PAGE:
It was a bright and sunny day (sound so like primary school essay..., who cares! It's a fact.). TSG is once again back at CJ. Meeting time was at 12.30pm so I decided to leave home early to have lunch at Changi Village. But... it was way too early... Reached Changi Village at 11am... Soon enough, all seagrassers arrived, with only a 'certain and usual' group of people late again. Haha...
Upon reaching House No. 1, Siti started to brief the team as there are quite a number of new seagrassers.
This time round, I was paired with another newbie, Nicholas - a NUS exchange student from New York who studies environmental science. And of course, I'm at my usual site A again for the sake of consistency in data collection (so I claim).
The first thing that most of us saw was a familiar sight - spaghetti-like orange masses everywhere. Can you spot them?
Here's a closer look.
Wondering what's that?
It belongs to this creature - the Seahare. It's a type of sea slug which is said to resemble a sitting hare (pretend that the rhinophores are ears). The orange masses are their eggs, which they lay them in a string-like manner, all twirled up. More info can be found here. The last time we saw this kind of mad mass breeding activity was back in Jan/Feb 2007. Seasonal hermaphrodite critter.
And here goes the list of few critters today, along with the usual swimming crabs, snails, barnacles, mussels, moults etc. Seagrass of course (better mention before 'someone' nags):
A catfish found just beside my transect line. Had to convince it into the water, reminding it that dry ground is not good for its health.
Update: These are drill eggs, more specifically from Thais lacera carinifera. Purple indicates mature eggs while yellow ones are immature. Hatched eggs are probably transparent or indicated by broken capsules? Another sighting of a different type of drill eggs, from Thais malayensis, were back in Oct 07. All identification courtesy of Dr. Tan Koh Siang, a molluscs expert. He once did studies related to Thais sp..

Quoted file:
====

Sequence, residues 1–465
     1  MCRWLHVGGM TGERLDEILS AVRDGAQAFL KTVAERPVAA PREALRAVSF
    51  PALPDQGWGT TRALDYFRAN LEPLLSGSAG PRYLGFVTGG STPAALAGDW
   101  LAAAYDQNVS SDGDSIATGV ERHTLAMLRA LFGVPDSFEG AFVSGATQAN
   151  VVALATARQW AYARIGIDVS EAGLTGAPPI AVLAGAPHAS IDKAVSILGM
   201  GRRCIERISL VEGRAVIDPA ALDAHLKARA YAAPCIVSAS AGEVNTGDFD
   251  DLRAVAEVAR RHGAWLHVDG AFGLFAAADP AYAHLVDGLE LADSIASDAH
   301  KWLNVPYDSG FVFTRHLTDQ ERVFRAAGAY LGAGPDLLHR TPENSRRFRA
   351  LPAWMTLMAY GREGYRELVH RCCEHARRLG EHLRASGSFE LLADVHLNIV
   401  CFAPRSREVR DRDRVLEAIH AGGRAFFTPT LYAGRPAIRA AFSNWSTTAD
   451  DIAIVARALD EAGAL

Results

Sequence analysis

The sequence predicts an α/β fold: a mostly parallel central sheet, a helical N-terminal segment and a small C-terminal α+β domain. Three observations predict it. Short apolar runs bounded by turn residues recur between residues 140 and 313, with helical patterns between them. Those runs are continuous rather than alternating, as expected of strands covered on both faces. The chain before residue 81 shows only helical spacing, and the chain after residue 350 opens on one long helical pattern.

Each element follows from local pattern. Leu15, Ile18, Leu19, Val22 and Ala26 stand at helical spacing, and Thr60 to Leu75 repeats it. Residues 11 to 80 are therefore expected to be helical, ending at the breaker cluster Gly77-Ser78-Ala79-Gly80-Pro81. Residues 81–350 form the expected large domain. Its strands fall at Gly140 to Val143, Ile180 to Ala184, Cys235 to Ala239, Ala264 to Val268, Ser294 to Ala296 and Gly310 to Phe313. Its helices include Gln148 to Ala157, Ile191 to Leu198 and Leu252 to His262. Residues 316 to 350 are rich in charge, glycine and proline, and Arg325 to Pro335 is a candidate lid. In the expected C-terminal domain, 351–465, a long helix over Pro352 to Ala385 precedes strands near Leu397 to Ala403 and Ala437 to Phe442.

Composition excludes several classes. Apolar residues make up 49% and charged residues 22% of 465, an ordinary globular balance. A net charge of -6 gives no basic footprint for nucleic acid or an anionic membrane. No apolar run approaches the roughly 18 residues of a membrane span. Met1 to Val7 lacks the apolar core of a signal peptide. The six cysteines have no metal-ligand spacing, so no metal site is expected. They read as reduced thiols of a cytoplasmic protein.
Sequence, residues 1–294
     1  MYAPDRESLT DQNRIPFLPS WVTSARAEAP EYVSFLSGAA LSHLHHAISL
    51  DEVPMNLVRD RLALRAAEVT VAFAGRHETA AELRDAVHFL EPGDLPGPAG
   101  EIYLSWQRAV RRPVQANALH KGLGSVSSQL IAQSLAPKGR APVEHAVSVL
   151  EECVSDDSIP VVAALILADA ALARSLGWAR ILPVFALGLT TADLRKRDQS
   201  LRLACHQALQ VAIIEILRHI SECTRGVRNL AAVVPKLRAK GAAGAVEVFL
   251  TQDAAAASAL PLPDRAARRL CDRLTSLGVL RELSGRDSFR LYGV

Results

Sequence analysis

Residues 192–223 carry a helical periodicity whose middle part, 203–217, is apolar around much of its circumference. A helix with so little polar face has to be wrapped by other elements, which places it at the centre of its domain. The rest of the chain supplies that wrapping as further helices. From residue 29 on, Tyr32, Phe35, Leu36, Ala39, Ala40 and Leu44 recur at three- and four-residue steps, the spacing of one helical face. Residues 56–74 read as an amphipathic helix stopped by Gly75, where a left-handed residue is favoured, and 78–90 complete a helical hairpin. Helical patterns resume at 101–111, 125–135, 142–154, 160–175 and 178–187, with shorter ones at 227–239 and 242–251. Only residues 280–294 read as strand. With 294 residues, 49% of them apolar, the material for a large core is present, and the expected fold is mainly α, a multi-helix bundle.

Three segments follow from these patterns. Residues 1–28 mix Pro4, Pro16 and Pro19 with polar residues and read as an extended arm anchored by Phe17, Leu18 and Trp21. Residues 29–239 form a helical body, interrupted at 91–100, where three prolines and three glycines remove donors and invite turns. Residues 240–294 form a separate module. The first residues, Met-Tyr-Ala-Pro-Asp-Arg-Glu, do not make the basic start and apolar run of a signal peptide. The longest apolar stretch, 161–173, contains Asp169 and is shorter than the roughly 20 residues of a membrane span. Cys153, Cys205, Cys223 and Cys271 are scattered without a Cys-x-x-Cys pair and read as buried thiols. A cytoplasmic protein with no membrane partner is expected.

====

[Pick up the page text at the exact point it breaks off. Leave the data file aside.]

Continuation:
I believe this is a warty sea cucumber. A little fellow, only about 2-3cm long. Grow up, little one!
These are found by the NParks intertidal walk guides. Can you spot the tiny seahorse beside the cake sea star?
A brittle star. This type of sea star usually hide in crevices, sponges or corals. As the name indicates, it has a tendency to break its arms off easily, perhaps to escape from being a meal for predators.
And last but not the least, common sea star which is no longer that common in CJ after the CJ mass death incident in early 2007.
Since there was no hurry, we decided to walk along the mangrove area from the northern end towards the boardwalk.
Plenty of mangrove trees. They have unusual roots and other characteristics as they have to adapt to being covered in seawater at high tide and also to grow in soft mud.
And this particular one is rare in Singapore. Someone please let me know the species? Avicennia?
Walking along and I found this bunch of guys (gals too, I guess). Seeing mudskippers waddling and floating around as a school was so cute that I couldn't resist snapping a photo of them.
Good weather = nice view from the top of Jejawi Tower.
With a beautiful sunset view on our way back.
Surprisingly, almost everyone is awake on the boat trip back to the mainland.
And here's to end it off - a snapshot of the view from the back of the boat - the sky, sea and boat, each with its own shade of blue.